IBM WebSphere Voice Server Brings Transcription to the Enterprise

Large Vocabulary, Server-Based Dictation Technology is Easy for Developers to Customize

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Somers, NY - 29 Jan 2002: IBM today announced new speech recognition technology for companies to implement advanced, enterprise-wide dictation and transcription. Based on IBM's award-winning ViaVoice technology, it allows developers to build and customize solutions for specific industries. Professionals, such as doctors and lawyers, can then dictate medical reports or legal records into a device or telephone and have their work returned as text - reducing the reliance on labor-and cost-intensive human transcription. Enrollment is required only once, after which users can dictate from virtually any location within the network.

The new software, IBM WebSphere Voice Server for Transcription, is already being incorporated into industry-specific solutions. With a vocabulary of more than 160,000 words, it is designed for multiple users - whether in a small law firm or a large corporation. Also available are additional, specialized vocabularies for medical and legal fields.

Because it is part of IBM's extensive WebSphere family of infrastructure software, developers can link the transcription server to the rest of the enterprise. The Topic Factory, a built-in tool, also allows developers to add specialty vocabularies quickly and easily. Network administrators also can tune voice profiles for increased accuracy. Dictation is done via devices including telephones, USB microphones and mobile digital recorders, and then processed on a server.

Traditional transcription is labor-intensive and costly. Voice files are recorded and sent to live agents, who painstakingly transcribe, edit, and send the text back. Transcription using speech technology, on the other hand, generates text with greater accuracy and speed, leaving only the editing to the agent. Also, professional transcriptionists, especially those with specialized industry knowledge, are hard to find. Speech recognition helps transcription providers make more efficient use of their resources.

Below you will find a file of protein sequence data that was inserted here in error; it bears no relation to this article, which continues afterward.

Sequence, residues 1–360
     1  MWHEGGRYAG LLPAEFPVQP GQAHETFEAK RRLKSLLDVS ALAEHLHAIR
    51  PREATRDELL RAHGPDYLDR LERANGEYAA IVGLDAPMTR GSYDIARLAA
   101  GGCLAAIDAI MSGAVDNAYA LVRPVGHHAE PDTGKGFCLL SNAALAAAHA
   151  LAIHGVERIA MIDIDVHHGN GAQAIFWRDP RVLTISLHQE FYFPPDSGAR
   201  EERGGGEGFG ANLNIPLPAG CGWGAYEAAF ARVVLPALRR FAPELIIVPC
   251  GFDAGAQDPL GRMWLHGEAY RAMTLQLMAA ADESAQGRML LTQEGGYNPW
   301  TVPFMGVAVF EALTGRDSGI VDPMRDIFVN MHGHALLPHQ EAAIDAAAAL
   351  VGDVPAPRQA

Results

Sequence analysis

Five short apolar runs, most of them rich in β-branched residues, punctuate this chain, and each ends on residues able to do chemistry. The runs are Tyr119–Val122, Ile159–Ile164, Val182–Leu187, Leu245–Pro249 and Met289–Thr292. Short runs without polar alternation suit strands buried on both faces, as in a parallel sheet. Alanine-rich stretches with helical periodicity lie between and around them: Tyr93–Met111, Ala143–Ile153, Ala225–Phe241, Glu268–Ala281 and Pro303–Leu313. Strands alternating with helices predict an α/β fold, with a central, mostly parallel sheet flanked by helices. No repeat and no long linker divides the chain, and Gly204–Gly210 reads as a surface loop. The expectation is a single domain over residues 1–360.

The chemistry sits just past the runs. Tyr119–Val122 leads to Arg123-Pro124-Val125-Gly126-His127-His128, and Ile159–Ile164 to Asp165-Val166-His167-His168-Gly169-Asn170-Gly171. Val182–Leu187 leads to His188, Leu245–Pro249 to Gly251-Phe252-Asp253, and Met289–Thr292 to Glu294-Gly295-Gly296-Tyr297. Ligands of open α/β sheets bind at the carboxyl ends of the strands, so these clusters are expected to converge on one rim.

Early adopters of IBM's Transcription Server include Austin, Texas-based medical solutions provider, MD Productivity, today announced MD One - one of the first commercially available telephone-based medical transcription solutions using speech technology. MD One allows physicians to dictate their records or reports over practically any device including a simple telephone. It is then sent over the server and transcribed electronically, after which it is edited by a professional transcriptionist and sent back to the physicians via e-mail.

"With MD One, physicians do not have to learn anything new or change their habits. They simply dictate as they have for the past 20 years - our technology takes care of everything else," said Newt Hamlin, Chief Executive Officer of MD Productivity. "By incorporating voice technology, we are able to make more efficient use of a limited resource - transcriptionists - while enabling physicians to work more productively."

Another developer, Berlin-based DictaNet, has built a German and English language solution aimed primarily at the law profession. Lawyers dictate into a digital mobile recorder or a PC and send audio files to DictaNet where it is transcribed using speech recognition. The text can then be edited by either the lawyer, or a transcriptionist. DictaNet plans to expand its service beyond the legal profession.

"Speech technology has steadily made its way into business applications especially over the past two years, giving companies valuable tools to increase efficiency," said William S "Ozzie" Osborne, General Manager, IBM Voice Systems. "The transcription server allows professionals to use their most natural form of communication - speech - to work more productively."

The Transcription Server is packaged with a runtime server, a toolkit, APIs, programming and system administration documents, utilities, and sample client code.

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